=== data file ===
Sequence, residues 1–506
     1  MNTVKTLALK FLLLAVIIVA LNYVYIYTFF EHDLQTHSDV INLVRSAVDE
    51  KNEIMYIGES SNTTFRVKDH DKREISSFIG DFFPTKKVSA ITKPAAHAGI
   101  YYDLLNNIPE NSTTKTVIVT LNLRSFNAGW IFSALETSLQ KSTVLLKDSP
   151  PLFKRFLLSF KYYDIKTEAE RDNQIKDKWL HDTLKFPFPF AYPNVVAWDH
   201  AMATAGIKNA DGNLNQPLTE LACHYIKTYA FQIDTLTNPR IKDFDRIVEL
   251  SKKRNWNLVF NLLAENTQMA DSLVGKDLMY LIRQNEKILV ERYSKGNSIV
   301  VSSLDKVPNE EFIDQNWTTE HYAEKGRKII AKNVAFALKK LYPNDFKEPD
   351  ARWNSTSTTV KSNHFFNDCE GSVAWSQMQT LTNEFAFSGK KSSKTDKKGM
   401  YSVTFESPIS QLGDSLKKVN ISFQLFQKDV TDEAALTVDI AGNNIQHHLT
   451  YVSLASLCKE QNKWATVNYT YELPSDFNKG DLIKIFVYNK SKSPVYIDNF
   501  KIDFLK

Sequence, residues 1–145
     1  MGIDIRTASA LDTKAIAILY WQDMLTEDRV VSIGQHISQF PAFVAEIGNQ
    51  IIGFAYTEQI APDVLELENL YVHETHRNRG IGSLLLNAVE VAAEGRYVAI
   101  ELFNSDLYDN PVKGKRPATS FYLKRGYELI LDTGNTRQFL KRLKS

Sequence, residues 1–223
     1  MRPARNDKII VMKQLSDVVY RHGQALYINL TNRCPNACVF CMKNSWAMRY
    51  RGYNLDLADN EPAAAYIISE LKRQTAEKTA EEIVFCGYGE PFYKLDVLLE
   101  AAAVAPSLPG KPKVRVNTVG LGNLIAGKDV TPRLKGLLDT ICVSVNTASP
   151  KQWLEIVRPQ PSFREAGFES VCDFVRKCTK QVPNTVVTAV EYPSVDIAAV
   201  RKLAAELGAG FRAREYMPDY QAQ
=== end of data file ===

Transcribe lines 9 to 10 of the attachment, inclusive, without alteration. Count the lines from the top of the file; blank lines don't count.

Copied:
   351  ARWNSTSTTV KSNHFFNDCE GSVAWSQMQT LTNEFAFSGK KSSKTDKKGM
   401  YSVTFESPIS QLGDSLKKVN ISFQLFQKDV TDEAALTVDI AGNNIQHHLT